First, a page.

GUYANA: Govt. puts hold on US$20M World Bank loan to strengthen scrutiny of oil sector

Apr 26, 2022 – Kaieteur News – By Kiana Wilburg

Since the PPP/C Government has not requested any disbursements from a US$20M loan Guyana took three years ago to help strengthen the nation’s capacity to manage the oil sector effectively, the World Bank said it has been forced to downgrade the country’s performance score on the loan.

The latest implementation status and results (ISR) report recalls that the money was approved on March 29, 2019 for the Guyana Petroleum Resources Governance and Management Project (GPRGMP). The programme’s objective is to ensure the enhancement of legal and institutional frameworks and the strengthening of the capacity of key institutions to manage the oil and gas sector.

A Financing Agreement in the amount of US$20 million was signed and declared effective on April 11, 2019 under the David Granger administration. The ISR, which was reviewed by Kaieteur News presents the implementation status of GPRGMP as of March 2022.       

The financial institution said, “The project’s overall implementation has been downgraded to ‘Moderately Unsatisfactory’, with around 24% of the total credit disbursed and no disbursement requests received by the Bank since October 2020.”

Starting in the early part of the second quarter of 2021 and following a seven-month hiatus, the bank said traction with, and engagement by the client had improved markedly under the Ministry of Natural Resources leadership, and momentum on procurement activities picked up considerably.

However, starting in the fourth quarter of last year, the bank said project implementation came to a halt, particularly on critical procurement activities intended to have helped the project reacquire its implementation timeline, and meet its indicators and performance objectives.

The bank in its report said that the government has indicated as recently as late December 2021, its intention to “refine the scope of the project to bring it in line with current government priorities.”

The World Bank said it remains on standby awaiting any guidance from the Government of Guyana on the status and direction of the project and a resumption of critical project activities.

Kaieteur News understands that the project has four components: Component A – Enhancement of Legal Framework and Stakeholder Engagement: (US$3.20 M), Component B – Capacity Building of Key Institutions: (US $10.70 M), Component C – Enhancement of Fiscal Management Systems: (US$3.50 M), and Component – D. Project Management & Project Preparation Facilities: (Cost $2.60 M).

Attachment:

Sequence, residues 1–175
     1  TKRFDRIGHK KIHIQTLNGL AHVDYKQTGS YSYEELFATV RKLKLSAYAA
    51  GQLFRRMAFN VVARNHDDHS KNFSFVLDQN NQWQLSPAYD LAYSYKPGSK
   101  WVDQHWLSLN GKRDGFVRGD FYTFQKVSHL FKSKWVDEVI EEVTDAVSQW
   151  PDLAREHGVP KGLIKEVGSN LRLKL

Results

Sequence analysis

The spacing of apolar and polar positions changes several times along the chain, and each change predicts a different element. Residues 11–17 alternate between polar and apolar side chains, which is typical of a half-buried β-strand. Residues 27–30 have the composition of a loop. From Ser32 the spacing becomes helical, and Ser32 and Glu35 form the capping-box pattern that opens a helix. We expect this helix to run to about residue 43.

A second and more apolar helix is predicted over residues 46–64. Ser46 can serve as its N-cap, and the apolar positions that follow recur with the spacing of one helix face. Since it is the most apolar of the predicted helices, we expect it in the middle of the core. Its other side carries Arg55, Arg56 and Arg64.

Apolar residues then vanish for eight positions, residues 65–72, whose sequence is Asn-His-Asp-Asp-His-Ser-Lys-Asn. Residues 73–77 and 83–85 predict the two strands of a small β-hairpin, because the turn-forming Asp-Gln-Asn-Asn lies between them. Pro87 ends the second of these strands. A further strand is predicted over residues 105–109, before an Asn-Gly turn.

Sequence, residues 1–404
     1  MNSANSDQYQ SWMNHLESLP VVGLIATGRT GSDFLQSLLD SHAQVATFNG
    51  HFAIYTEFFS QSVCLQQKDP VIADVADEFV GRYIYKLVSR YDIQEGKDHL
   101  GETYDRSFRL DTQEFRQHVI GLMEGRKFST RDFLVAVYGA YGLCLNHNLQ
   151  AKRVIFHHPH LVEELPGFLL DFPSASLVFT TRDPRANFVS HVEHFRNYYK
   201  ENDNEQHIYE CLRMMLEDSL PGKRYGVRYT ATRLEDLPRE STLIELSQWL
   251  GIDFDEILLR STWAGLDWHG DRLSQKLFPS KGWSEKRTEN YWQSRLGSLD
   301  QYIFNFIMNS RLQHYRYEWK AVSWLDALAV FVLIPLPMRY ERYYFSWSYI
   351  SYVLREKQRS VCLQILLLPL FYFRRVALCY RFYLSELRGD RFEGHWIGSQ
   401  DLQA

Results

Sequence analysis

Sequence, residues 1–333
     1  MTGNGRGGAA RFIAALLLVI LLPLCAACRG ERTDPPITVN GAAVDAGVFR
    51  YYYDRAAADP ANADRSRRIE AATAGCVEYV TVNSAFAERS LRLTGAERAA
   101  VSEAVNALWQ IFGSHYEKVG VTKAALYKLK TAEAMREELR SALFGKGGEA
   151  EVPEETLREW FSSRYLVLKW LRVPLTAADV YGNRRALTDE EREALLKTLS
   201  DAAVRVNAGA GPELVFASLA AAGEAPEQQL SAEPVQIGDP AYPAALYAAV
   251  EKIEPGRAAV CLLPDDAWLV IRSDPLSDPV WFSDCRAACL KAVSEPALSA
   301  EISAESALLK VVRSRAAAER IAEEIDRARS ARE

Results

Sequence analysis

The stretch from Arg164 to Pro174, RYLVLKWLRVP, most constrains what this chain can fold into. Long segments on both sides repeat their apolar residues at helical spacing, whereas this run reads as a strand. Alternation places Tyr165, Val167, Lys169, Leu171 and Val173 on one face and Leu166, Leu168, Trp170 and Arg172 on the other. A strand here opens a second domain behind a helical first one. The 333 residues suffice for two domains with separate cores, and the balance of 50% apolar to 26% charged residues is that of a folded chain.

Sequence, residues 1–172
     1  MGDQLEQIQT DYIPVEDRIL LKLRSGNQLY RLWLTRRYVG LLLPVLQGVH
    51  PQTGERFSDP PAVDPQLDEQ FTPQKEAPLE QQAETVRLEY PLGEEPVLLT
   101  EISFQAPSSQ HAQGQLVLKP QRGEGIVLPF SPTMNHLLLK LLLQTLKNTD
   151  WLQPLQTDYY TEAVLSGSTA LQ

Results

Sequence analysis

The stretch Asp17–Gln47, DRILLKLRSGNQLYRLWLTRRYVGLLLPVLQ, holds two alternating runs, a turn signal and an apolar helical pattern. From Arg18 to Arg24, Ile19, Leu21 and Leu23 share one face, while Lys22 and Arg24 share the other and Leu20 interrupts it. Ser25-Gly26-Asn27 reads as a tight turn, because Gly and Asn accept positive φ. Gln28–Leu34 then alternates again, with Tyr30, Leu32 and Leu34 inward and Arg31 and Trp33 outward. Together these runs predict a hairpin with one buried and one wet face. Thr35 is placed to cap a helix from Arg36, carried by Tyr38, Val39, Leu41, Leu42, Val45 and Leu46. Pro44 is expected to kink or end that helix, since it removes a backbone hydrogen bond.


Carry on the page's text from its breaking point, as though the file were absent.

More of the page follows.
For explanatory purposes, the first component being for the enhancement of legal framework and stakeholder engagement, aims to support the update of Guyana’s legal and regulatory frameworks for the governance and oversight of the sector as well as support stakeholder engagement and transparency. This component includes two subcomponents: update the legal and regulatory frameworks for the sector, and support stakeholder engagement and transparency.

The second component on the capacity building of key institutions includes four subcomponents: support immediate technical needs at key institutions with responsibility for oil and gas, support critical training needs at key institutions with responsibility for the sector, build up petroleum data management, and strengthen environmental and social management.

The third component is the enhancement of fiscal management deals with, among other things, improving Guyana’s capacity to manage the Natural Resource Fund.

Finally, the fourth component gives proper management and coordination of all project activities financed under the project. More specifically, it provides support and builds the Government’s systems for procurement and financial management, while allowing for the implementation of safeguards for proper management, monitoring.

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  • WIC  On 04/29/2022 at 1:56 am

    What are we missing here? surely the intended purpose of the loan can be financed through cash flow from the sales of oil now being pumped? In fact, Guyana shouldn’t be borrowing for any project as in most cases, the terms of loans will be unduly onerous and primarily of benefit to the lenders. Instead, the govt. should slow all development projects to be in line with cash flow and as much local human capital that’s available. The latter would ensure local people getting a crack at the better paying jobs and not the crumbs.

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